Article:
Jan 12, 2021 - Politics & Policy

Joint Chiefs call Capitol violence an assault on "Constitutional process"

Photo of Donald Trump and members of the Joint Chiefs of Staff sitting around a table with other military leaders

President Trump flanked by Chairman of the Joint Chiefs of Staff Gen. Mark Milley (third from right) and Vice Chairman of the Joint Chiefs of Staff Gen. John Hyten (right), May 9, 2020. Photo: Mandel Ngan/AFP via Getty

The Joint Chiefs of Staff condemned last week’s deadly siege on the U.S. Capitol in a letter on Tuesday, calling the invasion "a direct assault on the U.S. Congress, the Capitol building, and our Constitutional process."

Why it matters: The JCS, chaired by Gen. Mark Milley, is comprised of the Defense Department's most senior military officers. The condemnation is seen as a meaningful shift, given they typically avoid taking political positions. President Trump has lost a number of allies since the Jan. 6 riot.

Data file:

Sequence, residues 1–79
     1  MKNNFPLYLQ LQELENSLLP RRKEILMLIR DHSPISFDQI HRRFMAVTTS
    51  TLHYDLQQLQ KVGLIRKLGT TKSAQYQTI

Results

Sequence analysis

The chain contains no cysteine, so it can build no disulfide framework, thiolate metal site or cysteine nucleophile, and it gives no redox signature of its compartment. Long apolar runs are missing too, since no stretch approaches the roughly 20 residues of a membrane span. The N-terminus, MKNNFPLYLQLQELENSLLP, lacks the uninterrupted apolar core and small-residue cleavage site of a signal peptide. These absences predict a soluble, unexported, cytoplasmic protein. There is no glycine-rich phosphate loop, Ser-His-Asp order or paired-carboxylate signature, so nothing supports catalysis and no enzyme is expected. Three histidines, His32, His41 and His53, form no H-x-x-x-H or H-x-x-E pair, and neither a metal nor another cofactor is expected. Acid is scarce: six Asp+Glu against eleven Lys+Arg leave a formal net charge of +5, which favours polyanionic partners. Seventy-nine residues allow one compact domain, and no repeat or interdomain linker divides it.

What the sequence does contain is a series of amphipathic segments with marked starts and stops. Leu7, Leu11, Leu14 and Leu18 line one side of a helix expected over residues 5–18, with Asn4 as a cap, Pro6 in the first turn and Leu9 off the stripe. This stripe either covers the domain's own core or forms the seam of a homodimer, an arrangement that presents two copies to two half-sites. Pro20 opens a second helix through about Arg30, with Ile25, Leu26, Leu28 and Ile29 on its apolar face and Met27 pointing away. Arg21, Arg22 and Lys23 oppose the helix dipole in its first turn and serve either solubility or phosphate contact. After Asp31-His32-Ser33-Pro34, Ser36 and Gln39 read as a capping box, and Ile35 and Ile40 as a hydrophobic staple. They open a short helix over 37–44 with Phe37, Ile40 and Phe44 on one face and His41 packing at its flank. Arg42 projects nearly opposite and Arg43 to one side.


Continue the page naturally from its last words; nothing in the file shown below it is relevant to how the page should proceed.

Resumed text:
What they’re saying: "The rights of freedom of speech and assembly do not give anyone the right to resort to violence, sedition and insurrection," the letter states.

  • "As Service Members, we must embody the values and ideals of the Nation. We support and defend the Constitution. Any act to disrupt the Constitutional process is not only against our traditions, values, and oath; it is against the law."
  • The letter also makes clear that President-elect Joe Biden will be inaugurated and "become our 46th Commander in Chief" on Jan. 20.
  • "To our men and women deployed and at home, safeguarding our country—stay ready, keep your eyes on the horizon, and remain focused on the mission."

Read the letter:

What to watch: The FBI has opened files into more than 170 people and made charges in over 70 cases as it investigates the siege on the Capitol.

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